Although this important advertising strategy may seem foreign to some, the idea is not a new one. For years, companies have channeled millions of dollars into institutional ads in order to promote the goodwill of their respective companies’ verses selling their actual products and services.
According to the Cambridge Dictionary, the idea behind Institutional Advertising is to promote a “…product so that people have a positive opinion of it, rather than the advertising of a particular product or service.” For example, in Subaru’s latest commercial, they feature young drivers in different accident scenarios with the spotlight being on the fact that the people lived. Their ads are designed to underscore safety, love, and the reliability of the Subaru brand. Clearly, Subaru’s ads are focused on people and their well being, as they reinforce positive memories under the umbrella of safety.
Another famous brand who uses institutional advertising is Coca-Cola. For many years, Coca-Cola has been promoting environmental concerns, such as recycling and Greenpeace. Worldwide, Coca-Cola is known for its key product: Coke. After all, “It’s the Real Thing®.”
If companies show their concern for people, the environment, safety, good health, etc., rather than tout their products per se, they will gain the respect of those who see their ads. Likewise, if a company, such as BP, who underwent the largest offshore oil spill disaster in the Gulf of Mexico, and for that matter, U.S. history, needs to repair their image, they would use institutional advertising in their approach. Even though the ads about clean-up and safety may have helped BP’s image, they still had to pay billions to those impacted by the devastation.
How much money a company needs to set aside for this type of advertising will depend on what they want to accomplish. Smaller companies may find it difficult to specify dollars for institutional ads, but if image repair is needed, they need to find a way.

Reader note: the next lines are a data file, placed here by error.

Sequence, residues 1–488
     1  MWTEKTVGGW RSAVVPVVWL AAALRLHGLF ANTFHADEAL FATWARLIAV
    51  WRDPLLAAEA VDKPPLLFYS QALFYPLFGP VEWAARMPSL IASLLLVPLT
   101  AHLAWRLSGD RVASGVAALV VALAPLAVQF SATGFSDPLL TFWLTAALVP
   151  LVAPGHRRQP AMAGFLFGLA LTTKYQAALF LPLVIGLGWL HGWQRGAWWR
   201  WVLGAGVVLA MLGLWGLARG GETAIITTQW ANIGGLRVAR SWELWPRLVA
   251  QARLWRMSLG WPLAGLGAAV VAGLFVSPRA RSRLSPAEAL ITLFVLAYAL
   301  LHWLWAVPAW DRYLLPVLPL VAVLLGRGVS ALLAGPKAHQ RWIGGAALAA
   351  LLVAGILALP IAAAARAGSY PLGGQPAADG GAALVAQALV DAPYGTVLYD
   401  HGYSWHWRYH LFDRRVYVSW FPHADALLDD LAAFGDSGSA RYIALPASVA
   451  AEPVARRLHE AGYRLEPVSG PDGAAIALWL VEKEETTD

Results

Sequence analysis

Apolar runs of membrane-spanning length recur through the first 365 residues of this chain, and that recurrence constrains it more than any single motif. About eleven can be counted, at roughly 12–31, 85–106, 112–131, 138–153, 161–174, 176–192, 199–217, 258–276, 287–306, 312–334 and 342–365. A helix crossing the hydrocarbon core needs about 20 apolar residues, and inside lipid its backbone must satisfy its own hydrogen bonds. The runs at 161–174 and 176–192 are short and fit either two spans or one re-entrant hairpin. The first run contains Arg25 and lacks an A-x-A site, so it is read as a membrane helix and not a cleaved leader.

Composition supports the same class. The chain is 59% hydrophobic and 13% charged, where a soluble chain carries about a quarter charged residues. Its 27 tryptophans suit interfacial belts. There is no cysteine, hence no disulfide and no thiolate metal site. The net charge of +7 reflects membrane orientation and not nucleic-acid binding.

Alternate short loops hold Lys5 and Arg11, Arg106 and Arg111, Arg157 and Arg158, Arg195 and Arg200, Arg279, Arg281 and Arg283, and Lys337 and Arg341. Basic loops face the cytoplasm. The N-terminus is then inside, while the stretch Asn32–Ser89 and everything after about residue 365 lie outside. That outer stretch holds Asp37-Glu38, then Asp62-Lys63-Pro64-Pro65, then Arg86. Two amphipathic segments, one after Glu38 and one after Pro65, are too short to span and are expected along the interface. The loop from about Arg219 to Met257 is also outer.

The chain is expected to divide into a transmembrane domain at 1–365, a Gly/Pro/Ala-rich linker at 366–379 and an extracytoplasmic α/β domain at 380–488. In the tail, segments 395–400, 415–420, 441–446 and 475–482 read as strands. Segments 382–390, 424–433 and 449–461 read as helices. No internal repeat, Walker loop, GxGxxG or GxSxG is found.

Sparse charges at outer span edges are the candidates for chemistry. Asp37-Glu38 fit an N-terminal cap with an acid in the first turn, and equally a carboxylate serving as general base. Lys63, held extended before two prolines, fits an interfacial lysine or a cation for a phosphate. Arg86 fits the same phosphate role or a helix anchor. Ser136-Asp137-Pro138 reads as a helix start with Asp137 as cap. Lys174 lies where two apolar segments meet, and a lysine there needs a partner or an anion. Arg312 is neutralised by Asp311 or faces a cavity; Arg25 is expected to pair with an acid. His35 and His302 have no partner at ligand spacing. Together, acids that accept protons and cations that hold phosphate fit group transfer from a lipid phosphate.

Larger companies would do well to have an ongoing campaign, especially as seen in the case with BP. It is much easier to talk to the media and the public at large, when things are going well. To this end, I am reminded of a college professor who told our class that he was the public relations manager at the Three Mile Island nuclear power plant, which is south of Harrisburg, PA, when it had a meltdown in 1979. What is interesting to note, is that in spite of the cataclysmic event, a good media relationship had already been established prior to the incident, which helped mitigate the effects of the disaster. In fact, that plant was able to re-open and still supplies nuclear power to thousands of people today. This did not happen by chance, as our professor, the PR manager, had already taken the time to meet with the press and to formulate the kind of advertising action plan needed to offset any negative situation.
Clearly, institutional advertising should be part of any business’ advertising plan. However, it is a must for all high profile companies because the risk is too great today. As we all know, just one negative incident can go global in seconds. Don’t take the chance, be prepared!